Immigrants in the northern city of Padua are for the first time, fielding a list of candidates for local elections to be held in June, 2009. Among those being fielded include Mohammed Ahmed, a 52-year old Egyptian-born TV presenter, who has lived in Italy for more than 4 decades.
Ahmed said that he would be honored if selected to run for mayor. He currently presents special programs on local TV stations targeted towards immigrants, and is due to present a forthcoming TV news bulletin in Arabic.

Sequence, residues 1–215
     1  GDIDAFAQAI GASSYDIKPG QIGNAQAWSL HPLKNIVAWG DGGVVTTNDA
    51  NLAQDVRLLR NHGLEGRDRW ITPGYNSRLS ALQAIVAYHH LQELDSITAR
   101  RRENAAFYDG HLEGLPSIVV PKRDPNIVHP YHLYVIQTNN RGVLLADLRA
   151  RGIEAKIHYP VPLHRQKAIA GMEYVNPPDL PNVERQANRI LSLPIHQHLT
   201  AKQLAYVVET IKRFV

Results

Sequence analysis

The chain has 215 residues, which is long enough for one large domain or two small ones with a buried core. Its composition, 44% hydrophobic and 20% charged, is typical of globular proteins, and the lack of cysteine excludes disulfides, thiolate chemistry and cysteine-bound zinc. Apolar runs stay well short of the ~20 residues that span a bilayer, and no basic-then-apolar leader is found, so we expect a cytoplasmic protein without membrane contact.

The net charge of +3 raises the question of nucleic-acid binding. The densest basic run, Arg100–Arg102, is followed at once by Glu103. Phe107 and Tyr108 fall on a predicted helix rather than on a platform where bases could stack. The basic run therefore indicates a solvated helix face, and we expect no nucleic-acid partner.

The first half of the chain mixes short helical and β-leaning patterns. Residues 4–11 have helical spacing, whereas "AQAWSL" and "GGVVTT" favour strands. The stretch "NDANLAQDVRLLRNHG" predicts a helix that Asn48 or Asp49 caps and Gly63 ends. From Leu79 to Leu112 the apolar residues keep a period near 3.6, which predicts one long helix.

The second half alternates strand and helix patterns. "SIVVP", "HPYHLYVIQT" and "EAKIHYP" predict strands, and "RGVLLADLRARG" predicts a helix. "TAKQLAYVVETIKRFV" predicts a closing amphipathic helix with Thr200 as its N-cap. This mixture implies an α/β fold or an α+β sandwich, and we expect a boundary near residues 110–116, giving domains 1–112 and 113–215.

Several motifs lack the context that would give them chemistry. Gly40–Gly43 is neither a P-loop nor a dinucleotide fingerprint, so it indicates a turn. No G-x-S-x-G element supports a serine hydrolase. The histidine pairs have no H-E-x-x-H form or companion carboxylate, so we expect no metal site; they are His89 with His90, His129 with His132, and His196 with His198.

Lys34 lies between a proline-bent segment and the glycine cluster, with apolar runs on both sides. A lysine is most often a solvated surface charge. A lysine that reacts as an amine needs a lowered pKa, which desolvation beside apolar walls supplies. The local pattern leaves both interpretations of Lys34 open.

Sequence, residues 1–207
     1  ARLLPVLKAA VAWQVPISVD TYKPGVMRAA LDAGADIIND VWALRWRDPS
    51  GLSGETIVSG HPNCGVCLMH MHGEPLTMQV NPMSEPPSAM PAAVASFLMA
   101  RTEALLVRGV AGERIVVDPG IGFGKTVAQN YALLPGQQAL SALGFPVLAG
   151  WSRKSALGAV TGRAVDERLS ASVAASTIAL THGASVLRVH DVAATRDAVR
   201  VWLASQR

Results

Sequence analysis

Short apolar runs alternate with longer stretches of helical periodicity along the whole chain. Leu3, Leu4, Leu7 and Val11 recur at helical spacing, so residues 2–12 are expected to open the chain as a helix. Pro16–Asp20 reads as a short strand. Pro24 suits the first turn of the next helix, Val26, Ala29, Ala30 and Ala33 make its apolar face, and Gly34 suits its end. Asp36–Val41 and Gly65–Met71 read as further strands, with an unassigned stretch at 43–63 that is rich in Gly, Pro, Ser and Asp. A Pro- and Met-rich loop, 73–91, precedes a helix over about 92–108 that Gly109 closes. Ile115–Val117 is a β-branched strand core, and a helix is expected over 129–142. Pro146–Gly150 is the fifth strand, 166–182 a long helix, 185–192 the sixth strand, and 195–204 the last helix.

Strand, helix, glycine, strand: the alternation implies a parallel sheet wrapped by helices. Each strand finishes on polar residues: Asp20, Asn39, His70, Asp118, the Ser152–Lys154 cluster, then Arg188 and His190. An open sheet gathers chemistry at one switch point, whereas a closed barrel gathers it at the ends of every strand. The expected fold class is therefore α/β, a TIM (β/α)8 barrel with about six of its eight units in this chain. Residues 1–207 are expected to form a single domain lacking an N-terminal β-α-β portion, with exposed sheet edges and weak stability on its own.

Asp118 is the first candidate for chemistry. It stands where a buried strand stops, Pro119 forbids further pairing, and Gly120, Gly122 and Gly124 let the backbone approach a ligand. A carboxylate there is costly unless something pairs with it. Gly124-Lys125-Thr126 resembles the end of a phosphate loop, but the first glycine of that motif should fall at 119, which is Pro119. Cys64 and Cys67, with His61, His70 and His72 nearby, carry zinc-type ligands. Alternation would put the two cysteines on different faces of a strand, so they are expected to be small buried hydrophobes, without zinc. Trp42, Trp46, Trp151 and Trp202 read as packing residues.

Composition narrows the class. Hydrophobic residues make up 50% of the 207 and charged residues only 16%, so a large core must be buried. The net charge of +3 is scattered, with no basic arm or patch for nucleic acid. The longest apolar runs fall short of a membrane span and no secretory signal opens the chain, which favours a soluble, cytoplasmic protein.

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The far-right British National party was yesterday accused of deliberately ramping up racial and religious tensions by launching a leafleting campaign with anti-Muslim messages, including controversial cartoons of the prophet Muhammad. The depiction of the prophet with a bomb as a turban was one of several images that sparked protests across the world earlier this year. The BNP’s move was criticised as a blatant attempt to reignite the controversy. Azad Ali, of the Muslim Safety Forum, said: “This is a deliberate ploy to create huge tensions … and it is adding to the isolation, fear and frustration felt by many people in the Muslim communities.” The BNP said the leaflet was part of a “coherent campaign to alert people to the Islamification of Great Britain”. It has produced another leaflet on immigration and a second on Islam, which describes the faith as “a threat to us all”. The leaflet was handed out in Sutton in south-west London. Politicians and community leaders said the BNP was trying to exploit a debate about plans to build a mosque in the area. Lal Hussain, a former Sutton councillor and the area’s first Asian mayor, said residents had been shocked. “This is not the sort of thing we expect round here but there is not a chance they will make any headway with these tactics. People here are far too literate and tolerant.” Nick Lowles, of the anti-fascist group Searchlight, said the BNP had run a concerted campaign designed to exploit anti-Muslim feeling since the London bombings last year. “Everywhere the BNP appears racist attacks increase and this leaflet will make it more difficult for Muslims and others to go about their day to day business without being threatened and intimidated.” The row began after a Danish newspaper, the Jutland Post, published cartoons mocking Muhammad. When a group of Danish imams travelled to the Middle East with the cartoons, the affair exploded into a worldwide cultural controversy. The BNP leaflet of Muhammad first appeared earlier this year. The party has also called on Muslims to be banned from flying into or out of the country. Yesterday Phil Edwards, a BNP spokesman, denied it was trying to stir up anti-Muslim sentiment and defended the “no-fly” policy. “Rather than inconvenience everybody we should ban all Muslims from flying in and out of Britain,” he said. The BNP gained 32 councillors in May’s local elections, including 11 of the 13 seats it contested in Barking and Dagenham, east London.